One workaround is to use the Touch Bar slider to control one element while using your mouse keypad to control another, and that did give a successful "multi-touch" feel in a way that wasn't possible before. However, in tests it felt slightly awkward, since your hands aren't side by side and because the speeds don't quite match, with a smaller movement on the touchpad having a bigger impact on the image than on the Touch Bar. But it did work, and the image changed dynamically in realtime with little lag even with both parameters changing at once. When changing a single parameter, such as the frequently used midtone detail, the touchbar give excellent, fine-grained control and made subtle changes much easier to control than the mouse.
The dream scenario would be three sliders, side by side, for controlling lift, gamma, and gain all at once, but that might be beyond what the first generation of Touch Bar is capable of handling. For now, most users will still find that they need to invest in something like the $350 Tangent Ripple, but the Touch Bar will speed up some operations in the field.
Touch Bar isn't the only upgrade in 12.5.4, as DaVinici continues their 30-year-long support for HDR imagery with extended Rec. 2100 and 2020 integration. Rec. 2100 is a superset of Rec. 2020 that covers the two approved HDR formats, SMPTE ST. 2084 (PQ) and Hybrid Log-Gamma (HLG). Resolve has been helping users navigate wide latitude imagery on narrower latitude monitors since they launched in the 1980s, developing tech to ensure that your film scans look phenomenal even on highly contrasty standard definition CRTs, and you see the fruit that of experience here. If you are using ACES workflows, you'll have the option of new P3-D65 IDTs and ODTs, and a new Rec. 2020 ST. 2084 1000nit ODT that uses P3 color space.With this update there is better preservation of super-white and sub-black data when working with ProRes 4:4:4:4, which will help tremendously with interchangeability between apps for the popular format. Super-whites are a notorious problem with interfacing between Resolve and files coming from Adobe After Effects or Final Cut, and it's great to see continued refinement in that area.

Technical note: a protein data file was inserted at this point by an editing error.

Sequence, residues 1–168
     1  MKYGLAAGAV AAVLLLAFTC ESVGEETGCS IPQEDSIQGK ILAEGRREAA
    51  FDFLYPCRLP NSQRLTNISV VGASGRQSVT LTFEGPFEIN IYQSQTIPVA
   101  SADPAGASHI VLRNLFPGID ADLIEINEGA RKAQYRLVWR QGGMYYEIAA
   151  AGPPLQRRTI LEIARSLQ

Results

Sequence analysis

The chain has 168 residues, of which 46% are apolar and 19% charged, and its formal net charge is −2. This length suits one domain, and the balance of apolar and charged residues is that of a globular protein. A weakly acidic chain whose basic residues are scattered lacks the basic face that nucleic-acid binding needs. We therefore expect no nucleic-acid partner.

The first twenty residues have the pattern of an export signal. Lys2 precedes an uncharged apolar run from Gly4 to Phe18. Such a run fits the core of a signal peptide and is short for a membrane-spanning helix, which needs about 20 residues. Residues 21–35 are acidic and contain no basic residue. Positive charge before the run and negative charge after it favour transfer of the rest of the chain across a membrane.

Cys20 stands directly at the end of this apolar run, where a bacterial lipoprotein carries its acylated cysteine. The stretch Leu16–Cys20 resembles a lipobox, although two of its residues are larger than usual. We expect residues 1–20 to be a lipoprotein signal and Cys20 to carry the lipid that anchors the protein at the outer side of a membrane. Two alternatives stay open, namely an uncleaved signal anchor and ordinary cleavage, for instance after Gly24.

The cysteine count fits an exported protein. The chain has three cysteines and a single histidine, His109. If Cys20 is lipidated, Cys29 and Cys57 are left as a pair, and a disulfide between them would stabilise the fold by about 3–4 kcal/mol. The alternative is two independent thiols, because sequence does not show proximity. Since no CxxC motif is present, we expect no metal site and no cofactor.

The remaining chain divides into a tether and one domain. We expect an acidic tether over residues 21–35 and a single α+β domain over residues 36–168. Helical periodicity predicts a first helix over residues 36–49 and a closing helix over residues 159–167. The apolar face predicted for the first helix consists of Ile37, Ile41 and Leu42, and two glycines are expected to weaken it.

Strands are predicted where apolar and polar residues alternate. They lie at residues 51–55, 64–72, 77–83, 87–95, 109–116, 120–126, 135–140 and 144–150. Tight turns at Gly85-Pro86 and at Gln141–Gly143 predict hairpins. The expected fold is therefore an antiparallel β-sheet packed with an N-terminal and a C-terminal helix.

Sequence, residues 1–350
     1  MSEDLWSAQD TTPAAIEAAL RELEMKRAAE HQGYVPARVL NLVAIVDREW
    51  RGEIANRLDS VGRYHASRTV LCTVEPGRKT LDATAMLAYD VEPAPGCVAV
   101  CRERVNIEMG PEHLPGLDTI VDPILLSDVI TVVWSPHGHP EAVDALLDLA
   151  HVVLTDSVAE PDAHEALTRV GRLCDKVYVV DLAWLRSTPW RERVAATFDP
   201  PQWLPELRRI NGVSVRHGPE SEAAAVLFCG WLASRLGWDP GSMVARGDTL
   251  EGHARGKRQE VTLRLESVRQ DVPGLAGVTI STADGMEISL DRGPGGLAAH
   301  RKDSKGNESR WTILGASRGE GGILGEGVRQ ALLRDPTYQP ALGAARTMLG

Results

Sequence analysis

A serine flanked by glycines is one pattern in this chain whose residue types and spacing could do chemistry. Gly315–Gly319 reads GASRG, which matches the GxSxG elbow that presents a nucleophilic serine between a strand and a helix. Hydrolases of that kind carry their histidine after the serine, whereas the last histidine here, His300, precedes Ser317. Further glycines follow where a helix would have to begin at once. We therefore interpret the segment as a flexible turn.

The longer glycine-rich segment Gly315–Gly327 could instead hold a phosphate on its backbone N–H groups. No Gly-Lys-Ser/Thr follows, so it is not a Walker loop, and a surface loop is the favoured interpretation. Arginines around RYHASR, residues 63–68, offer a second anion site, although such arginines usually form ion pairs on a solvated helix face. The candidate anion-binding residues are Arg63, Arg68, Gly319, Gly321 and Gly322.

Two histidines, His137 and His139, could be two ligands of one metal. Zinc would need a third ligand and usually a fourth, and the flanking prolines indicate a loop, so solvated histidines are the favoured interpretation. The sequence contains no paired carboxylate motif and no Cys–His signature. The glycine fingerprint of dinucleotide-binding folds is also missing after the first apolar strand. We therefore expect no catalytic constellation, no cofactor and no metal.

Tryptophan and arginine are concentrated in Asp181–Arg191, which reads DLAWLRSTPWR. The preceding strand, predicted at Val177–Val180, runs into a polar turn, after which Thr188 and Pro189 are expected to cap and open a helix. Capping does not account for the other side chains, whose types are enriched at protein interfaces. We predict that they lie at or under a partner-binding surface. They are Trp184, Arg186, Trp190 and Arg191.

DaVinci Resolve 12.5.4 update is available now for both DaVinci Resolve and DaVinci Resolve Studio customers, and can be downloaded free of charge from the Blackmagic Design website. If you are an App Store Studio customer (5 installs for $500 through the Mac App Store), you'll need to download it there.
- Added support for the MacBook Pro Touch Bar
- Added support for decoding MP3 files on Windows
- Added support for preserving super-white and sub-black data with ProRes 4444 codecs
- Added support for Grass Valley HQ and HQX codecs on Mac, Windows and Linux
- Added support for Rec. 2100 in DaVinci Resolve color management
- Added new sliders to control Dolby Vision analysis data
- Added P3-D65 IDTs and ODTs in ACES
- Added Rec.2020 ST.2084 1000 nits ODT clamped to P3 in ACES
- Added support for image orientation flag in DPX files
- Improved support for .CR2 files from Canon 5D Mark IV
- Improved grading and playback performance when working with large node graphs